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Israel critic Noam Chomsky attends conference in Gaza
(Israel Hayom/Exclusive to JNS.org) Noam Chomsky, a Jewish professor of linguistics at the Massachusetts Institute of Technology and a consistent critic of U.S. and Israeli policies, visited the Gaza Strip on Oct. 18 and attended a conference at the Islamic University. Chomsky, 83, known for his pro-Palestinian views, has consistently called on Israel to end its naval blockade of Gaza. According to French news agency AFP, Chomsky was quoted by Jamal al-Khudari, a member of Gaza’s legislative council and head of the university’s administrative board, as saying “The Palestinian people have a right to live peacefully and in freedom.” AFP reported that Palestinian television broadcast comments by Chomsky. The aging professor, who lived on a kibbutz in Israel in the 1950s, has been an outspoken critic of the way the Jewish state was established in 1948.

‘Anti-Israel’ prof. removed from Northeastern U faculty list
(JNS.org) A Northeastern University professor has been removed from the online faculty list of the school’s Jewish Studies Department following the release of a video by Americans for Peace and Tolerance (APT) revealing the anti-Israel measures he took in the classroom. Prof. Denis Sullivan — whose name was previously listed as a Jewish Studies faculty member on the department’s webpage, and is now no longer on that page — remains the head of the Boston-based school’s Middle East Center, according to APT President Charles Jacobs.
Students who take Sullivan’s classes “tell me all the time about the incredible bias that he has, and Denis Sullivan will disagree with them and give them a bad grade because of it,” Jason Pressburg, former director of Israel Programs at Northeastern Hillel, said on the APT video. The APT video is available to view on YouTube at http://is.gd/zloVSV.

U.S philanthropist joins with Hadassah to fight heart disease
(JNS.org) Irene Pollin – founder and chairman of Sister to Sister and widow of the late professional sports team owner Abe Pollin — has donated $10 million to Hadassah Medical Organization to establish the Linda Joy Pollin Cardiovascular Wellness Institute in Jerusalem, intended to help women combat heart disease. Pollin’s granddaughter presented the donation Oct. 18 at Hadassah’s centennial commemoration ceremony. “Since founding Sister to Sister in Washington, D.C., I have longed to find a place outside of the United States to establish a heart disease prevention program geared toward women…Given Hadassah’s 100 years of experience helping women of all backgrounds take better care of themselves, I could not think of a better way to reach out to our sisters across the globe,” Pollin said.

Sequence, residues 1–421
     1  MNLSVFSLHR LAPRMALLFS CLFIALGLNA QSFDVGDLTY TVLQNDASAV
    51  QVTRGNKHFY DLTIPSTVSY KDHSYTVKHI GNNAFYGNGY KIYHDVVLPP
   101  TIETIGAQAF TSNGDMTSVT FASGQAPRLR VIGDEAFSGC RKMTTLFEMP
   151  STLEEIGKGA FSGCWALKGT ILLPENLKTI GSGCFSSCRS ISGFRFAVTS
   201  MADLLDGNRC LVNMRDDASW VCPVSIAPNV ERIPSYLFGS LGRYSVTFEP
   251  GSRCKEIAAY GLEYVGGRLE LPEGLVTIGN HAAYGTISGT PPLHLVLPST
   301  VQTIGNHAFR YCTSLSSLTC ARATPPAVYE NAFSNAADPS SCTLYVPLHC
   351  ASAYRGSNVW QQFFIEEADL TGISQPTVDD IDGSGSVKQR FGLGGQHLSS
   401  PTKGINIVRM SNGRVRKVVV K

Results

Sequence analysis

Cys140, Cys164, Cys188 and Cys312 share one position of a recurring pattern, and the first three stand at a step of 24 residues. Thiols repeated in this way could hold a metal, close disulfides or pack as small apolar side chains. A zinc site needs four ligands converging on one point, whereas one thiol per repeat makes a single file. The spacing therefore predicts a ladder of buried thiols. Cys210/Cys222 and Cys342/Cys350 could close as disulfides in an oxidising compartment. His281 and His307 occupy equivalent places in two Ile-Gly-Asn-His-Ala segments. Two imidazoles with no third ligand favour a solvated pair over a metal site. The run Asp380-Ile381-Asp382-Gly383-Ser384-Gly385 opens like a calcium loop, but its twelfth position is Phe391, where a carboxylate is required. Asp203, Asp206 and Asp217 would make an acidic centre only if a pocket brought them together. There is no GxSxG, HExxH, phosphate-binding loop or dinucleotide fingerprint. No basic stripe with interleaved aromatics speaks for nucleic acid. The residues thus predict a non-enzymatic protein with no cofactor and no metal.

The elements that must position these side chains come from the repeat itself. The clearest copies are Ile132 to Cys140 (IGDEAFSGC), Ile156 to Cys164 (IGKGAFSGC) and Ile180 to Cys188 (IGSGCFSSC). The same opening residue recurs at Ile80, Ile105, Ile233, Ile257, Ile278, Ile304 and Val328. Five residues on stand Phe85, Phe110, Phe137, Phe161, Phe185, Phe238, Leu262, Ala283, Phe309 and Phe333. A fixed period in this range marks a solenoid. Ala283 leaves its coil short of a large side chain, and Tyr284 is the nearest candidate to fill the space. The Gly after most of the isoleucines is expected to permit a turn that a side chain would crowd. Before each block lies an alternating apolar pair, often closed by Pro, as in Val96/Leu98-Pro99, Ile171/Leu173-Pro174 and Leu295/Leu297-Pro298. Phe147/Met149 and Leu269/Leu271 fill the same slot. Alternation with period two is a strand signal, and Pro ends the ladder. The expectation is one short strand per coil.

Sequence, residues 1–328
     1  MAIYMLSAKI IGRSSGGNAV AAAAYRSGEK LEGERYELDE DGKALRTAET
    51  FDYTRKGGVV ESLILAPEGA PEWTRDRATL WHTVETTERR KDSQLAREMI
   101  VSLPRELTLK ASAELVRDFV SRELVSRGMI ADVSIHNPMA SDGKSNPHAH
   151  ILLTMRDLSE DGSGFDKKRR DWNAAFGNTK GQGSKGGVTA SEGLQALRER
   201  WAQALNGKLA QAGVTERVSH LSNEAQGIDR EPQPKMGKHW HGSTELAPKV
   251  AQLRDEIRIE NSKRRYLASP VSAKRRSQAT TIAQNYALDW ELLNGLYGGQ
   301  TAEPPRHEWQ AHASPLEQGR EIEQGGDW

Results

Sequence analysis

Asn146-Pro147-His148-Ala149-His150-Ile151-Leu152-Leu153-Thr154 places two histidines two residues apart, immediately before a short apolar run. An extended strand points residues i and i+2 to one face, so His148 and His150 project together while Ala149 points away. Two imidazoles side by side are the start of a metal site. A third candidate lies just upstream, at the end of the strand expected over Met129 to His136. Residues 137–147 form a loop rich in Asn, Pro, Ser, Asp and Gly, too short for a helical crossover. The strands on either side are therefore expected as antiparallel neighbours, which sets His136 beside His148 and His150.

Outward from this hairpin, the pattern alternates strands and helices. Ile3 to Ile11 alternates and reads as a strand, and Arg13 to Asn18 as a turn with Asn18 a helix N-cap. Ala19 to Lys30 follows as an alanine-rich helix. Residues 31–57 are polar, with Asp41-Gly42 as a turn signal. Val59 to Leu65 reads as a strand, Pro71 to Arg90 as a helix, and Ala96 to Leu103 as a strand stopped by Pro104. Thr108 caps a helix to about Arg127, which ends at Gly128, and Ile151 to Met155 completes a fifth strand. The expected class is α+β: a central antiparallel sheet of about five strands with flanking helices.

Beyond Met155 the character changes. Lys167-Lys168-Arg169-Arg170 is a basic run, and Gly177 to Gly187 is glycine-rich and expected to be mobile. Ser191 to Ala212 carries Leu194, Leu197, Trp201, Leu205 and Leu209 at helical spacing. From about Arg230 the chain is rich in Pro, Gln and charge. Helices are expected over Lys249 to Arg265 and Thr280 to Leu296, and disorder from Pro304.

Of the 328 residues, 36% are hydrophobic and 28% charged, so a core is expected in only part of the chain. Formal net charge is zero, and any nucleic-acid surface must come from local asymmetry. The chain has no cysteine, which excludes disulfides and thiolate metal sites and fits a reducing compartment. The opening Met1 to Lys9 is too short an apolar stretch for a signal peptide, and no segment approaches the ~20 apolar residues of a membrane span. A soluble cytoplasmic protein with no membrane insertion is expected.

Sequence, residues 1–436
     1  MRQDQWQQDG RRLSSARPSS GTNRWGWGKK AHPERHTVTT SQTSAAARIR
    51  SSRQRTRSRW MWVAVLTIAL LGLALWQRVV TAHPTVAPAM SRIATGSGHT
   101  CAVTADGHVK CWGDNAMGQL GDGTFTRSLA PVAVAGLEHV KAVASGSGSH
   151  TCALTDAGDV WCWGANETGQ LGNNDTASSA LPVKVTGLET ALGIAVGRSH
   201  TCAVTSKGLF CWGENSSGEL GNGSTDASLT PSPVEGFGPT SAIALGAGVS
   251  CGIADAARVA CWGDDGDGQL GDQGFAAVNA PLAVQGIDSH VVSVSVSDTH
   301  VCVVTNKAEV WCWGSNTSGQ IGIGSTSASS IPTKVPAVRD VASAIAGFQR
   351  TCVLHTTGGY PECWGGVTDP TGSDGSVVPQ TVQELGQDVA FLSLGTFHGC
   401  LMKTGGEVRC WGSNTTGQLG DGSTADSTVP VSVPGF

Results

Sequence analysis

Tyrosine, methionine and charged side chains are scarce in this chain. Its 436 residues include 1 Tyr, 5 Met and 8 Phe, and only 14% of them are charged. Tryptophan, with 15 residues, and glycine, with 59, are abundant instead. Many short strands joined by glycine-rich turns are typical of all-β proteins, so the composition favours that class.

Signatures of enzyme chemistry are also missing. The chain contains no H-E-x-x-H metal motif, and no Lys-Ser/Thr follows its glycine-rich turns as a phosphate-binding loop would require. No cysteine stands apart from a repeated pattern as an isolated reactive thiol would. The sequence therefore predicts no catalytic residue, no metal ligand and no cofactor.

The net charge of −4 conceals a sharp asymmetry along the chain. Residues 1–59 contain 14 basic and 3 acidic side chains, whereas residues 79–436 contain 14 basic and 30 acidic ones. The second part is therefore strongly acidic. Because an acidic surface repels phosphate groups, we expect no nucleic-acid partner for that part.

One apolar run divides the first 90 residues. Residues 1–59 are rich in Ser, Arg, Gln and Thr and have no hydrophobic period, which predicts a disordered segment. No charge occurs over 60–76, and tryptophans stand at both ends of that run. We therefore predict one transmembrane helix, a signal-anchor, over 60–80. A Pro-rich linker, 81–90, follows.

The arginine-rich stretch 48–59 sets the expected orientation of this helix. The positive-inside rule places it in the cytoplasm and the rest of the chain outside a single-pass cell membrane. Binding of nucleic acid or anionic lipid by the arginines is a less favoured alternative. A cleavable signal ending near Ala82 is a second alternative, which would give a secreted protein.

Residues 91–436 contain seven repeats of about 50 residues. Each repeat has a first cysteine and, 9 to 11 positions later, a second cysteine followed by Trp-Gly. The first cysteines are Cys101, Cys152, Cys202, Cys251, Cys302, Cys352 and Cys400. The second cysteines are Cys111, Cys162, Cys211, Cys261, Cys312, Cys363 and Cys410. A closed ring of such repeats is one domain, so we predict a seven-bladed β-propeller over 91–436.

Israeli cardboard bike could aid developing nations
(JNS.org) An Israel inventor has created a bicycle made nearly entirely out of cardboard, as well as a new model of “green” transportation production that could allow poor nations to get bicycles for free. The bicycle created by cycler and entrepreneur Izhar Gafni, 50, is made out of cardboard but is treated with a secret organic concoction that makes it water and fire proof, and is then coated with lacquer paint. The device will have no metal parts, and even the breaks, wheels and pedal will be made from green materials. “This is a real game-changer. It changes … the way products are manufactured and shipped, it causes factories to be built everywhere instead of moving production to cheaper labor markets, everything that we have known in the production world can change,” said Nimrod Elmish, Gafni’s business partner, according to Reuters.